“They are not going to make that admission if they are looking at 52 weeks ... If that's all you can get is 14 weeks, then get it.”

Study under way
        A local effort is under way to judge how well batterers programs work. The Committee on Batterers Intervention Treatment Evaluation, with representatives from University of Cincinnati, the YWCA of Cincinnati and Hamilton County courts and probation, has been meeting since the spring. They're preparing to form a study, said Debbie Brooks, associate executive director of the YWCA of Cincinnati.

        “It's really hard to track these things because they might not get an offense or charge, but they might be offending,” Ms. Brooks said.

        The YWCA has been running Amend for batterers since 1982, making it the first such program in the region.

        A survey of 140 men referred from Hamilton County Municipal Court to the program for 14 weeks in 1997 showed that 12 percent were re-arrested for domestic violence related charges within two years, she said.

        That compares favorably with a 29 percent national average found by the U.S. Department of Justice for men in programs during the same amount of time, Ms. Brooks added.

        Edward Gondolf is research director at the Mid-Atlantic Addiction Training Institute based at Indiana University of Pennsylvania outside Pittsburgh.

        The institute is beginning its sixth and final year of a $2 million study funded by the federal Centers for Disease Control and Prevention. The study focuses on programs for domestic batterers in Pittsburgh, Denver, Houston and Dallas. Programs range from three to nine months and the study is following about 860 men.

        Results so far indicate that the men in the longer programs reassaulted at a slightly lower rate as those in the shorter programs, Mr. Gondolf said.

        Two and a half years after starting the programs, between 40 percent and 45 percent of men in all the programs reoffended, he said.

        But another factor skews the numbers: batterers who quit showing up for class.

        Between 30 percent and 40 percent of the men dropped out by the third month in all the programs.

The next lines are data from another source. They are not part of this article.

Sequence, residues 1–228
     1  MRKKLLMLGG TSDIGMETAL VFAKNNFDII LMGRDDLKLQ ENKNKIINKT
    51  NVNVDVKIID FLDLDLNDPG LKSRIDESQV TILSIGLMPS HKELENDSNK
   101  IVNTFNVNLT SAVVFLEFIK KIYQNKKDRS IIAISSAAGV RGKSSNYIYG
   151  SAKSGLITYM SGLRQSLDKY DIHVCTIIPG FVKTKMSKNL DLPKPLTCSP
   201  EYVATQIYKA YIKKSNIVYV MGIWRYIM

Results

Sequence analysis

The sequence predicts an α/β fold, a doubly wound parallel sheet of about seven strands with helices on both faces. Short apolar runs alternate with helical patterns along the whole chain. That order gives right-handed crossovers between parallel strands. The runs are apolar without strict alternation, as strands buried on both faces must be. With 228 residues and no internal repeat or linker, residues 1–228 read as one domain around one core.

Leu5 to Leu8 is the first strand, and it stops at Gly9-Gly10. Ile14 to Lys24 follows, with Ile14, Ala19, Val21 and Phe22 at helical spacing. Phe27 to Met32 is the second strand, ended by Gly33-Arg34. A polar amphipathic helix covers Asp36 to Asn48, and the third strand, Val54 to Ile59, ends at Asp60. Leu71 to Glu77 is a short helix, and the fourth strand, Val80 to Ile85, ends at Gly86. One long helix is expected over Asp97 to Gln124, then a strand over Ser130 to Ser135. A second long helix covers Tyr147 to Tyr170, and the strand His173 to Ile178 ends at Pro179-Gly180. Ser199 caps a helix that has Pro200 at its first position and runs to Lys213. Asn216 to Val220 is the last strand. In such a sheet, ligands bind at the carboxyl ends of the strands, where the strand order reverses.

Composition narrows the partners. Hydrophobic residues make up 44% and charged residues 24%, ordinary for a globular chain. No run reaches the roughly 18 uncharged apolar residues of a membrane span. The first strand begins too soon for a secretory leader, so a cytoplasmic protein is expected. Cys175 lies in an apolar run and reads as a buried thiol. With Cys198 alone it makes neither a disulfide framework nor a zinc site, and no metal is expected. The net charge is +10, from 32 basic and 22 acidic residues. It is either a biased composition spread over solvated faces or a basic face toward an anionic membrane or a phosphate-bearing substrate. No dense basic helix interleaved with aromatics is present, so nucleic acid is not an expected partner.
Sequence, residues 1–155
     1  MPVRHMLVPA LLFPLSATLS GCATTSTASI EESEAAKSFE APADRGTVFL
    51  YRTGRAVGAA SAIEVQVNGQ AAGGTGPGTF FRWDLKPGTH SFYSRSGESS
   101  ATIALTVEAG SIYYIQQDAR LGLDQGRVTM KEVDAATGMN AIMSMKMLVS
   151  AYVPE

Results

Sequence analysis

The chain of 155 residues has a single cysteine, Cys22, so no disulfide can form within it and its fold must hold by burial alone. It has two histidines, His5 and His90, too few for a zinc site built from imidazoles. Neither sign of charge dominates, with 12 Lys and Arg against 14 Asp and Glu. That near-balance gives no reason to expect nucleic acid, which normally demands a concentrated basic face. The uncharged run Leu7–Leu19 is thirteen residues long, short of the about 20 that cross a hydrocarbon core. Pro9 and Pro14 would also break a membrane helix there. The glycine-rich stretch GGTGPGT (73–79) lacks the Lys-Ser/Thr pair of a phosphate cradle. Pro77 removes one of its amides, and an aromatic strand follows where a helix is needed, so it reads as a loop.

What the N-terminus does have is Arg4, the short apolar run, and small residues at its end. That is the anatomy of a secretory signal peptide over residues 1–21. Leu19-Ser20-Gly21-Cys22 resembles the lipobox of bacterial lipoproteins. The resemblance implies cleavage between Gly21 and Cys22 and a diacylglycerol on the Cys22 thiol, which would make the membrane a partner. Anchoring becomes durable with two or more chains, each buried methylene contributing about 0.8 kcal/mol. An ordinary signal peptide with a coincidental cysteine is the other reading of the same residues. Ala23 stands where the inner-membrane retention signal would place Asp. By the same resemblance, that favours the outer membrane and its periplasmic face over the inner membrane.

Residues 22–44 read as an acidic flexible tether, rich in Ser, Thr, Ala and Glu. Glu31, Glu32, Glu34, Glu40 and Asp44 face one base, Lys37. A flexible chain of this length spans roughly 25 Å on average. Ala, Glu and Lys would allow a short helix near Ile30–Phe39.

“What we have is that the men who stay in the long-term programs are the guys who need it the least. The guys who need it the most are dropping out by three months,” Mr. Gondolf said.

        Of those who completed their classes, 35 percent reoffended, he said. Of those who dropped out, 50 percent assaulted again.

        “Length in and of itself isn't the issue. It's duration plus swift and certain response from the criminal justice system.”

Participants speak
        The man in the Adidas blue T-shirt and blue shorts smiled shyly at the end of the hour at the Warren County batterer's session. An Enquirer reporter was allowed to attend on condition the participants remain anonymous.

        “It helped prepare me to become a newlywed,” he said. “This is a brand new change for me.”

        He has been in the program for 26 weeks since serving six years in prison on domestic violence related charges.

        “Some guys come in and say this is a brainwashing program,” he said. “They're reluctant because they were ordered to go by the judge.”

        He has learned about managing anger and stress, he said, and the change is one in “morals and values. It was the way I was raised. There was domestic violence in my background. I seen it, learned it as a kid. So when I got drunk and angry, I referred to the old lifestyle. And here I sit.”

        The businessman commented: “I think you've done real well.”

        Dressed in blue jeans and black shoes with a pen clipped to his white knit pullover, the businessman fiddled with a wallet as he described his mental journey through the Warren County program.

        The 25 weeks in the sessions so far have taught him how to control his temper and communicate with his wife.

        “This morning, I was trying to leave for work, and she was in an emotional state, and I actually sat down in a chair and asked how I could help,” he said. “Before, I probably would have walked out the door.”

        But he then slipped into what counselors call a batterer's tendency to blame other people.

        “There's a lot of women who should be here,” the businessman said. “(His wife) and other people should understand that all a man is trying to do, all I'm trying to do, is make a living. And I'm getting in trouble.”